The number of cop-killings has been greatly fueled by officers de-policing due to the growing concerns that anti-police defiance has also been on the rise. Movements such as Black Lives Matter have also fueled the anti-police defiance. This information has been backed by an unclassified FBI study that was conducted on last year’s cop-killings.
The report by the FBI Office of Partner Engagement study reveals that police departments and individual officers have increasingly made the decision to stop engaging in proactive policing. The report was titled as Assailant Study — Mindsets and Behaviors, revealed that the social-justice movement sparked by the 2014 death of 18-year-old Michael Brown at the hands of an officer in Ferguson, Missouri has made it socially acceptable to challenge and discredit the actions of law enforcement.
The study also pointed out that almost every police official interviewed agreed that for the first time, law enforcement not only felt that their national political leaders stood against them, but also that the politicians’ words and actions signified that disrespect to law enforcement was acceptable in the aftermath of the Brown shooting.
Reports from the FBI spokesman Matthew Bertron said that the study, which was written in April, points out that in response to the above trend, Law enforcement officials believe that defiance and hostility displayed by assailants towards them appears to be the new norm.
The study examined 50 of the 53 incidents last year in which officers were killed in the line of duty, excluding the three cases that involved minors or perpetrators who remain unknown. The majority of assailants who used deadly force against officers did so in an effort to avoid being taken into custody. However, 28 percent were motivated by hatred of police and a desire to kill law enforcement. Some cases were fueled by social and political movements.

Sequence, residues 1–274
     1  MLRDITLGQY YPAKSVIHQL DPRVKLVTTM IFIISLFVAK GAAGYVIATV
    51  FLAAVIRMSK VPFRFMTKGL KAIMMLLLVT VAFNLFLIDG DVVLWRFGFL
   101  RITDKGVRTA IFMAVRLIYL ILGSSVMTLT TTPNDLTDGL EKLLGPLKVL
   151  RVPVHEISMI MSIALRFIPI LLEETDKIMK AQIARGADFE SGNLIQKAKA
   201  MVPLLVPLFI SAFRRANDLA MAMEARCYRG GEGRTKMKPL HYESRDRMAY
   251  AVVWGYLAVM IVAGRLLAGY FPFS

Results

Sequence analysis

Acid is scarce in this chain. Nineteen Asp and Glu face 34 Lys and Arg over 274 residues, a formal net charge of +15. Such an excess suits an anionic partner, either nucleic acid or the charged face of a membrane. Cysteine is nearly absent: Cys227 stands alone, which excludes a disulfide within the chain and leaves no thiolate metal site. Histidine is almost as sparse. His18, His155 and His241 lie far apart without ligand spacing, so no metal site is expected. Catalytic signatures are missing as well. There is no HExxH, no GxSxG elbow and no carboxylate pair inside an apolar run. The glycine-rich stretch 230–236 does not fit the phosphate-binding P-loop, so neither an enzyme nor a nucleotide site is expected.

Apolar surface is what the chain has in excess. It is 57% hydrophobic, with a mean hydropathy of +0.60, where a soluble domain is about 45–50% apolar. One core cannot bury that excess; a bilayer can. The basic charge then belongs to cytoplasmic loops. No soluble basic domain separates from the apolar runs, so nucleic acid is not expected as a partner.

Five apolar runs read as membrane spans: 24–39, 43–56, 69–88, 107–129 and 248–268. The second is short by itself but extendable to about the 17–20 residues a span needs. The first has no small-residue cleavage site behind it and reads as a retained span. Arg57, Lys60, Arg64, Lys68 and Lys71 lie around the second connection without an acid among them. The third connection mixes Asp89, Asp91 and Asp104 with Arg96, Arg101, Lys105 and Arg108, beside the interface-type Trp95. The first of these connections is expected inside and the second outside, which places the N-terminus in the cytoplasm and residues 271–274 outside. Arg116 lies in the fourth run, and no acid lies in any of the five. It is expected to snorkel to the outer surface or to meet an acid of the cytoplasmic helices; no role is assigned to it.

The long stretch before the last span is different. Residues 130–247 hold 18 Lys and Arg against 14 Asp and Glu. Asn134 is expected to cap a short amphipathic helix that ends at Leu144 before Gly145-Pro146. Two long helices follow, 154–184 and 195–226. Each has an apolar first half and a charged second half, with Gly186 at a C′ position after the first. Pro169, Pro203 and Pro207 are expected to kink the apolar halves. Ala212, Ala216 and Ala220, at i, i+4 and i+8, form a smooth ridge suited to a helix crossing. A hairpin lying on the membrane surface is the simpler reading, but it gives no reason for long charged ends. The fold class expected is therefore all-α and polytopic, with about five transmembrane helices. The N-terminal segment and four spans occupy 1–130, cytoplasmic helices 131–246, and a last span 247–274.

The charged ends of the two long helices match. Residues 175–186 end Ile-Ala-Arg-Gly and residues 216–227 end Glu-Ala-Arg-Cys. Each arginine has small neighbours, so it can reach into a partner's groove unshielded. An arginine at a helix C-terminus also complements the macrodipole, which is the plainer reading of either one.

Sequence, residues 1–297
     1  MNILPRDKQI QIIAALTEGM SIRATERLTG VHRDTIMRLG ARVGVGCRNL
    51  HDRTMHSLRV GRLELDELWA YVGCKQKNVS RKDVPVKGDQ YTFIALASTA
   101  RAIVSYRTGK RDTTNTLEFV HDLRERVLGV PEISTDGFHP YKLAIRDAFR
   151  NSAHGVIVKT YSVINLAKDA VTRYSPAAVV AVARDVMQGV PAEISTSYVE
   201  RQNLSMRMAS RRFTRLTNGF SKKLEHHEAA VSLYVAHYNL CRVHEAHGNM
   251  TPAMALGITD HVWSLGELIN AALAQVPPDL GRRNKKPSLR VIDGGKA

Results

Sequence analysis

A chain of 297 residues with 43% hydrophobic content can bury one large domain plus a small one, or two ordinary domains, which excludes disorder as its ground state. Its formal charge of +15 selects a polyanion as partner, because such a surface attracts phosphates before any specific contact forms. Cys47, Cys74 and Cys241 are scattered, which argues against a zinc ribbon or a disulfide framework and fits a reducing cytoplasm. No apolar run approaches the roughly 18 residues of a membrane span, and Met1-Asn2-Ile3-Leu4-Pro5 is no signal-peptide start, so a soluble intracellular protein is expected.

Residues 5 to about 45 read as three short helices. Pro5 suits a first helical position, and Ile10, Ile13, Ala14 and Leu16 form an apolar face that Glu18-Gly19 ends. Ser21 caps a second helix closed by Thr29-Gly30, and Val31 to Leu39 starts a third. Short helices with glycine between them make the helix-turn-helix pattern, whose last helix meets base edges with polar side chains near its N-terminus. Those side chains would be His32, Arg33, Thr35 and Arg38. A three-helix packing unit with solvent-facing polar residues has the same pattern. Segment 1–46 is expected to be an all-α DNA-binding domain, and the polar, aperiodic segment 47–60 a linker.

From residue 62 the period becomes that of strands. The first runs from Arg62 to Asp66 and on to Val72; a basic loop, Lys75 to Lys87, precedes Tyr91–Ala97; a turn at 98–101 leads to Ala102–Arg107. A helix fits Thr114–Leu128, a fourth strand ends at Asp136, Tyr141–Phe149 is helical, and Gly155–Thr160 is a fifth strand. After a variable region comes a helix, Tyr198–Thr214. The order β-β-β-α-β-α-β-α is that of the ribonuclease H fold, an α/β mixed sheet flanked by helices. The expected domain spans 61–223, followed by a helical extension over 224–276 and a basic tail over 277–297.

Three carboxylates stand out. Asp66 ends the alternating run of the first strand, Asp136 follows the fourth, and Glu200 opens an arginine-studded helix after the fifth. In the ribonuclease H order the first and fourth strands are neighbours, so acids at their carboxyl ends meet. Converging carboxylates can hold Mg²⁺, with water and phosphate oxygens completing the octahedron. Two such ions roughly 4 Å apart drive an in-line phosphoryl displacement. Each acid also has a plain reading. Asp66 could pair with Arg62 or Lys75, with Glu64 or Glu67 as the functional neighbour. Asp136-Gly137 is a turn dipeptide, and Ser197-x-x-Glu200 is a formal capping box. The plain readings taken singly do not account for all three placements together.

The report also pointed out that the assailants were inspired by social and/or political reasons and they believed that attacking police officers was their way to ‘get justice’ for those who had been, in their view, unjustly killed by law enforcement.
The culprits revealed that their temperament toward police was based on their own experiences as well as what they heard and read in the media about other incidents involving law enforcement shootings. The criminals charged in the July 2016 shootings of police in Dallas and Baton Rouge said they were influenced by the Black Lives Matter movement and their belief that law enforcement was targeting black males.
Around five officers were killed in the Dallas ambush, which coincided with a protest against police shootings of black men in Louisiana and Minnesota, while three officers died in the Baton Rouge massacre.
The year 2016 was dreadful for police officers. Sixty-four were shot and killed in the line of duty, a 56 percent increase from 2015. Out of that number, 21 were killed in ambush-style attacks, the highest total in more than two decades, based on the National Law Enforcement Officers Memorial Fund.
Following Brown shooting, racial tension has been the focus of deadly police encounters, nearly half of the assailants who killed officers in 2016, 48 percent were white. Out of the remaining number, 36 percent were black, 14 percent were Hispanic, and 2 percent were Native Alaskan. Approximately all 86 percent had criminal histories; 60 percent had used drugs, and 32 percent were under the influence at the time of the attack.
Around 26 percent were under active warrants, and 24 percent had known gang affiliations. All were men. The FBI report also found that the trend toward drug decriminalization and reduced sentencing had inspired perpetrators, making them believe that consequences no longer exist for criminal acts, especially drug offenses. The study also showed that the increase in violent attacks on law enforcement has also been linked to the decriminalization of drugs across the country.